... passive Asian woman stereotype” (219). This concluding chapter nicely encompasses one strand of Davidson’s argument: Olson initiates a process that allows Cha to arrive, even as Cha takes the measure of a host of complexities that Olson could not have foreseen. Though Davidson notes in passing...
Journal Article
Twentieth-Century Literature (1 September 2005) 51 (3): 316–340.
Published: 01 September 2005
... totalitarian regimes and de­ humanizing technology, and the concomitant fragmentation of the self), Moore represents a different and more optimistic strand of sociopolitical engagement with the ethical and religious challenges of the twentieth century, the “intrinsic promises and potencies...
Journal Article
Twentieth-Century Literature (1 September 2012) 58 (3): 540–545.
Published: 01 September 2012
... for his hypothesis is a bit uncertain. At the outset, he asserts broadly that “post- modern fiction is, in short, the literary symptom” (4) of the nuclear age; later he seems more circumspect, suggesting that “one strand of American fiction was influenced” (161) by the shadow of nuclear...
Journal Article
Twentieth-Century Literature (1 March 2013) 59 (1): 157–163.
Published: 01 March 2013
... who is superior to pure genetic strains (122). The “racial memories” that Goy inherits from her parents are “inharmonious” (130) strands that cancel each other out and reveal the fictional nature of all racial categories. Vetter carefully traces Loy’s ad- aptation of eugenicist theories of...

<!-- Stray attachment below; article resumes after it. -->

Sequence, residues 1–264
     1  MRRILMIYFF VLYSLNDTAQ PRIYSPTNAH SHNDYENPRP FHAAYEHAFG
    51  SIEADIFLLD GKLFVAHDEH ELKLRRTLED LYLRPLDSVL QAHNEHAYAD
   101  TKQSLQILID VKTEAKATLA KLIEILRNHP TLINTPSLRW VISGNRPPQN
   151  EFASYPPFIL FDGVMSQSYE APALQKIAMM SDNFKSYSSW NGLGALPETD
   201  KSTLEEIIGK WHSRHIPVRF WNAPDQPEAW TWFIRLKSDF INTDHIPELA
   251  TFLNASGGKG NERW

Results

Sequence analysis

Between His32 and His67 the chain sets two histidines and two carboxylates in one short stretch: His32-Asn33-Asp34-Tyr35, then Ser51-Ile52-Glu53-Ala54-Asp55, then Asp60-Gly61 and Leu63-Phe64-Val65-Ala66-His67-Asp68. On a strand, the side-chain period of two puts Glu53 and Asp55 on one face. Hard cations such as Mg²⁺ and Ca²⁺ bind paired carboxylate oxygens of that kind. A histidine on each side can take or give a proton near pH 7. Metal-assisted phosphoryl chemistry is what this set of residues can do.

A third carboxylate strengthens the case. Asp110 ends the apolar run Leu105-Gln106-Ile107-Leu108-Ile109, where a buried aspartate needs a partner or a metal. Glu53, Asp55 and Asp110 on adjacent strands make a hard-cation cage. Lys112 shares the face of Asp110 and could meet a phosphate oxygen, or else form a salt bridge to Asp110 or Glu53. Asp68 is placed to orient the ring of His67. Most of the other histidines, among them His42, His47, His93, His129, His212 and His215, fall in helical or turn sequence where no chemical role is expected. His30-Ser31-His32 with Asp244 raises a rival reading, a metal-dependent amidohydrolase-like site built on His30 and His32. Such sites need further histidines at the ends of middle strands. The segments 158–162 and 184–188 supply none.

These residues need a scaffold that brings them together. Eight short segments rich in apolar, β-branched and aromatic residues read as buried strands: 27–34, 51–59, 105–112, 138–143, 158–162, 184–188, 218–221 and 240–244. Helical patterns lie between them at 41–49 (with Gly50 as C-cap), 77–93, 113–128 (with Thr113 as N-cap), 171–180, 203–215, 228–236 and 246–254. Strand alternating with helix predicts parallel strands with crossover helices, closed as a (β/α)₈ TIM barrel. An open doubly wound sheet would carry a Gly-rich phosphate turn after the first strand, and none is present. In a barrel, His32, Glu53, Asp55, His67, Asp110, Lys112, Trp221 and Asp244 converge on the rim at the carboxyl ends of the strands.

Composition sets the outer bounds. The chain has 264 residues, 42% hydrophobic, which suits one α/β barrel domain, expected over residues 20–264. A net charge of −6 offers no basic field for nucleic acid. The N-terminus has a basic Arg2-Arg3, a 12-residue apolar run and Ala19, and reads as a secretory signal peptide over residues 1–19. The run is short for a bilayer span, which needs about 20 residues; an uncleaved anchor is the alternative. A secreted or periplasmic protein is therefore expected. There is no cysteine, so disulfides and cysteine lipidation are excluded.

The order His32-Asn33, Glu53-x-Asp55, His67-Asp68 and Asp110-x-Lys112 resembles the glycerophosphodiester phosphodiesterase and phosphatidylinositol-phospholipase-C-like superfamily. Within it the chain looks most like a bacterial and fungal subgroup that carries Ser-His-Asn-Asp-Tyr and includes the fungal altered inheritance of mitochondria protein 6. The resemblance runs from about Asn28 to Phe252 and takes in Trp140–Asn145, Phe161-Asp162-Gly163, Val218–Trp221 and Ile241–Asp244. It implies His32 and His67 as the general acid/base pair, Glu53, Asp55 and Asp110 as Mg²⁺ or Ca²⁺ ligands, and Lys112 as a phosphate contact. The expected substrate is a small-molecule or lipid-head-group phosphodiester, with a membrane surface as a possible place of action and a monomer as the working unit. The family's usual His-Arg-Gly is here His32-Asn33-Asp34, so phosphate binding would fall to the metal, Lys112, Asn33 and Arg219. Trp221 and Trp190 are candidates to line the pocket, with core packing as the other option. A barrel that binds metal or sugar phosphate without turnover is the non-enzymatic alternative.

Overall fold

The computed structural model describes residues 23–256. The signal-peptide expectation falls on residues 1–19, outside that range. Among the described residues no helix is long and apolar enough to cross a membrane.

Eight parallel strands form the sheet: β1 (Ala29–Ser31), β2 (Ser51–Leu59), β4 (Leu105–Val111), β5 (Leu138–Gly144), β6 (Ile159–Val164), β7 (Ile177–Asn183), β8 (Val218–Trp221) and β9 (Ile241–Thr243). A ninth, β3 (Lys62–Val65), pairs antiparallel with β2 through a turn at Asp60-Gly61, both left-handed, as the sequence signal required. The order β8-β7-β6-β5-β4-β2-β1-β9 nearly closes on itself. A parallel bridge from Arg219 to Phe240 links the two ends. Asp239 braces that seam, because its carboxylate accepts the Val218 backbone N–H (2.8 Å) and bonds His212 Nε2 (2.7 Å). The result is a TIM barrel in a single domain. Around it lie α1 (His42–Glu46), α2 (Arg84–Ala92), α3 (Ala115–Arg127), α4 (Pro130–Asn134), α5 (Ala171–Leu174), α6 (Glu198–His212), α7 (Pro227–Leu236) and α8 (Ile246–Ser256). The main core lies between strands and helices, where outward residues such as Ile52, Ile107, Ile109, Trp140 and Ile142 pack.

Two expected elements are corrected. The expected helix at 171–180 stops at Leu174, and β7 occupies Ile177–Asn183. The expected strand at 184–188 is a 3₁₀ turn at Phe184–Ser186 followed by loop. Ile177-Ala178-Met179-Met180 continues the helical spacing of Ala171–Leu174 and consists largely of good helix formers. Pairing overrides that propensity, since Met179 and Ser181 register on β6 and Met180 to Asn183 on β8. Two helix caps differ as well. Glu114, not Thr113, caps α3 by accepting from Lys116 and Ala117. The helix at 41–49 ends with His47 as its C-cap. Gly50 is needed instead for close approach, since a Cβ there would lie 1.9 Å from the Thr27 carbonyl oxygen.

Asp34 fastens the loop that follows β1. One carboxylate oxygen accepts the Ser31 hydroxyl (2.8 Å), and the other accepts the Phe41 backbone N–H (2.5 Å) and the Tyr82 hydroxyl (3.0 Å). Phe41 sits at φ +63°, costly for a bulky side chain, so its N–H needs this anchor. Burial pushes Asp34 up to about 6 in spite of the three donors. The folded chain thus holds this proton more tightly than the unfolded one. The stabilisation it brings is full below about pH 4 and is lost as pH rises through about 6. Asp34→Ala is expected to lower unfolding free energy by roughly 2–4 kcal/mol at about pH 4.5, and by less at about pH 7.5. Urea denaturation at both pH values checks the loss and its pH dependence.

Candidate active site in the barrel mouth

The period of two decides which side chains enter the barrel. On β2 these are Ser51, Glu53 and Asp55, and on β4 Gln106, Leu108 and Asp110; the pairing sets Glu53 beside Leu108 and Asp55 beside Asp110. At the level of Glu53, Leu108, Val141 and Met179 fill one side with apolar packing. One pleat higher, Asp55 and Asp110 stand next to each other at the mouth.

Journal Article
Twentieth-Century Literature (1 September 2017) 63 (3): 267–298.
Published: 01 September 2017
... artistic gaze begins its work of mediation. When he gazes at her on the strand, he singles her out as one of several “gayclad lightclad figures of children and girls”; he then apprehends her as something magical, a “seabird,” and from there he generates an image that “passe[s] into his soul for ever...
Journal Article
Twentieth-Century Literature (1 June 2009) 55 (2): 232–254.
Published: 01 June 2009
... kinesthetic techniques in “Proteus” ’s inte- rior monologue complicates usual interpretations. “Proteus” opens with Stephen “reading” Sandymount Strand and reflecting that the sense of sight, the “modality of the visible,” must be supplemented by a “modality of the audible.” Applied to writing...
Journal Article
Twentieth-Century Literature (1 September 2007) 53 (3): 233–247.
Published: 01 September 2007
... her claims on several fronts. He argues, for instance, that she sets up a simplified 242 Introduction: After Postmodernism “dichotomy between metafictionists and realists” (28), an assertion that ignores her actual tripartite division of contemporary fictional strands. He contends...